- Provision for summary trials is made in chapter XXI of the Code. Section 260 of the Code confers power upon any Chief Judicial Magistrate or any Metropolitan Magistrate or any Magistrate of the First Class specially empowered in this behalf by the High Court to try in a summary way all or any of the offences enumerated therein. Section 262 lays down procedure for summary trial and sub Section (1) thereof inter alia prescribes that in summary trials the procedure specified in the Code for the trial of summons-case shall be followed subject to condition that no sentence of imprisonment for a term existing three months is passed in case of any conviction under the chapter.
- The manner in which record in summary trials is to be maintained is provided in Section 263 of the Code. Section 264 mentions that in every case tried summarily in which the accused does not plead guilty, the Magistrate shall record the substance of evidence and a judgment containing a brief statement of the reasons for the finding. Thus the Magistrate is not expected to record full evidence which he would have been, otherwise required to record in a regular trial and his judgment should also contain a brief statement of the reasons for the finding and not elaborate reasons which otherwise he would have been required to record in regular trials.
- The mandatory language in which Section 326 (3) is couched, leaves no manner of doubt that when a case is tried as a summary case a Magistrate, who succeeds the Magistrate who had recorded the part or whole of the evidence, cannot act on the evidence so recorded by his predecessor. In summary proceedings, the successor Judge or Magistrate has no authority to proceed with the trial from a stage at which his predecessor has left it. The reason why the provisions of sub-Section (1) and (2) of Section 326 of the Code have not been made applicable to summary trials is that in summary trials only substance of evidence has to be recorded. The Court does not record the entire statement of witness. Therefore, the Judge or the Magistrate who has recorded such substance of evidence is in a position to appreciate the evidence led before him and the successor Judge or Magistrate cannot appreciate the evidence only on the basis of evidence recorded by his predecessor. Section 326 (3) of the Code does not permit the Magistrate to act upon the substance of the evidence recorded by his predecessor, the obvious reason being that if succeeding Judge is permitted to rely upon the substance of the evidence recorded by his predecessor, there will be a serious prejudice to the accused and indeed, it would be difficult for a succeeding Magistrate himself to decide the matter effectively and to do substantial justice.
- The High Court by the impugned judgment rejected the contention regarding proceedings having been vitiated under Section 461 of the Code, on the ground that parties had submitted pursis dated August 3, 2001 and in view of the provisions of Section 465 of the Code, the alleged irregularity cannot be regarded as having occasioned failure of justice and thus can be cured. The reliance placed by the High Court, on the pursis submitted by the appellants before the learned Metropolitan Magistrate declaring that they had no objection if matter was decided after taking into consideration the evidence recorded by his predecessor- in-office is misconceived. It is well settled that no amount of consent by the parties can confer jurisdiction where there exists none, on a Court of law nor can they divest a Court of jurisdiction which it possesses under the law.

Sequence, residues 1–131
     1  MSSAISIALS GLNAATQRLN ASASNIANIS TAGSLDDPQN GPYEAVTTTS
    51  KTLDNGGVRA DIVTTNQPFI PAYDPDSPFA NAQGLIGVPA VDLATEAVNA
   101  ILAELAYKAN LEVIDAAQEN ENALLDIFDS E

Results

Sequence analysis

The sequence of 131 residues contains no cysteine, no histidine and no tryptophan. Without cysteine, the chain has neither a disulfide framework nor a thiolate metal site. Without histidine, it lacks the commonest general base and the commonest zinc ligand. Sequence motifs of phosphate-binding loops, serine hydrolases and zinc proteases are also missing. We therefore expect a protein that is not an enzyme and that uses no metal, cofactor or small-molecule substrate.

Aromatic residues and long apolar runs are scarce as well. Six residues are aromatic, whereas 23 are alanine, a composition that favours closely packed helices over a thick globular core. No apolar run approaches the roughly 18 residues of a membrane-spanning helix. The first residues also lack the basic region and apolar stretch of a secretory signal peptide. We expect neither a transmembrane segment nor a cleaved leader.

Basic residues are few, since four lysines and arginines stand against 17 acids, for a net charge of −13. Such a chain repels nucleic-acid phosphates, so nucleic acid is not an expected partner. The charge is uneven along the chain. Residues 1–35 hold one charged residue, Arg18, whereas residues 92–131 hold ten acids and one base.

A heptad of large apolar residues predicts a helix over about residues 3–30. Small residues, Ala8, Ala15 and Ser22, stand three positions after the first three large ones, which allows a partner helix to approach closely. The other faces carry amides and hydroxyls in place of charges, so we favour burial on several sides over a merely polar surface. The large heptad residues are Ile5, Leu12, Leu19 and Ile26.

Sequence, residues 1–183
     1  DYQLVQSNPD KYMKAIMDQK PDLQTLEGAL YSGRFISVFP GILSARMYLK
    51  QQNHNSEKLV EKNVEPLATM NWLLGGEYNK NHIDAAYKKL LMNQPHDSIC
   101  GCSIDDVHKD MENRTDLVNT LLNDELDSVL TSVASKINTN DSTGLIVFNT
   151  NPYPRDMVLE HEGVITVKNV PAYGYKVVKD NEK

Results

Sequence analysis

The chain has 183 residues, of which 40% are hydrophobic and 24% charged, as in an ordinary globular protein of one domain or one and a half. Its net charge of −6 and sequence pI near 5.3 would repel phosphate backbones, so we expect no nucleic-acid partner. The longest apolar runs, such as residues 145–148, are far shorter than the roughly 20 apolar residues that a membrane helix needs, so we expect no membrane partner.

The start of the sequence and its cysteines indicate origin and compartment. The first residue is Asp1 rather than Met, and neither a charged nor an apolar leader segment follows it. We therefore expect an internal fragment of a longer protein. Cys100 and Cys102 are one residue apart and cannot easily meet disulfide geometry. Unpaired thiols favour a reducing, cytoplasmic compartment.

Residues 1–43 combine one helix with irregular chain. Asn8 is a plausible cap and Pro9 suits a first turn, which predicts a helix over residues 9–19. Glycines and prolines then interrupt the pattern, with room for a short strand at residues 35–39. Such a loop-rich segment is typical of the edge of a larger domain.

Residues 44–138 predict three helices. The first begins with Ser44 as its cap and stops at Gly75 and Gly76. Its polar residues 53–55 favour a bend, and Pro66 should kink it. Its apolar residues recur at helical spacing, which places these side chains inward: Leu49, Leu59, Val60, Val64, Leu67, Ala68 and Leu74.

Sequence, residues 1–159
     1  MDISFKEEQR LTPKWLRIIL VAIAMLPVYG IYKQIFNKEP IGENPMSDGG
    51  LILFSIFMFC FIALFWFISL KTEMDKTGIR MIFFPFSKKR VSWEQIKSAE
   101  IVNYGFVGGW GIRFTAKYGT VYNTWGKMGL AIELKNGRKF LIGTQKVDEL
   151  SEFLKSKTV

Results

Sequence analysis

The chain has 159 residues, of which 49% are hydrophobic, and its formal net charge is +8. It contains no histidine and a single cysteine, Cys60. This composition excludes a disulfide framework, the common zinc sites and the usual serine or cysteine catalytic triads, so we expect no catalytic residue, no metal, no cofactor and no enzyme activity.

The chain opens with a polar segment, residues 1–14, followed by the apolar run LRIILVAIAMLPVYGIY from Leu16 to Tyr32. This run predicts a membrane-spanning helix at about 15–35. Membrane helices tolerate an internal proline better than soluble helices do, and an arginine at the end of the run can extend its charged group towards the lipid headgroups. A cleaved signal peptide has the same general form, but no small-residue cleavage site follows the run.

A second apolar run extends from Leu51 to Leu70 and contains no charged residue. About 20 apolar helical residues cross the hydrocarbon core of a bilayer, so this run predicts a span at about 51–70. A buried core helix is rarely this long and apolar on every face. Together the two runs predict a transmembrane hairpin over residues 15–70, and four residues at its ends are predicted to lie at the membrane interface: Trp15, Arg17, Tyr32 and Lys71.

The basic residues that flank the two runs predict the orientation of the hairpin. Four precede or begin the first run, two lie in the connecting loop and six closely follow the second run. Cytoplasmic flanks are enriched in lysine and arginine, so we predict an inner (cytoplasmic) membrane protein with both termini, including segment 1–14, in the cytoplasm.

- The cardinal principal of law in criminal trial is that it is a right of an accused that his case should be decided by a Judge who has heard the whole of it. It is so stated by this Court in the decision in Payare Lal Vs. State of Punjab, AIR 1962 SC 690 : (1962 (1) Crl LJ 688). This principle was being rigorously applied prior to the introduction of Section 350 in the Code of Criminal Procedure, 1898. Section 326 of the new Code deals with what was intended to be dealt with by Section 350 of the old Code. From the language of Section 326(3) of the Code, it is plain that the provisions of Section 326(1) and 326(2) of the new Code are not applicable to summary trial. Therefore, except in regard to those cases which fall within the ambit of Section 326 of the Code, the Magistrate cannot proceed with the trial placing reliance on the evidence recorded by his predecessor. He has got to try the case de novo. In this view of the matter, the High Court should have ordered de novo trial.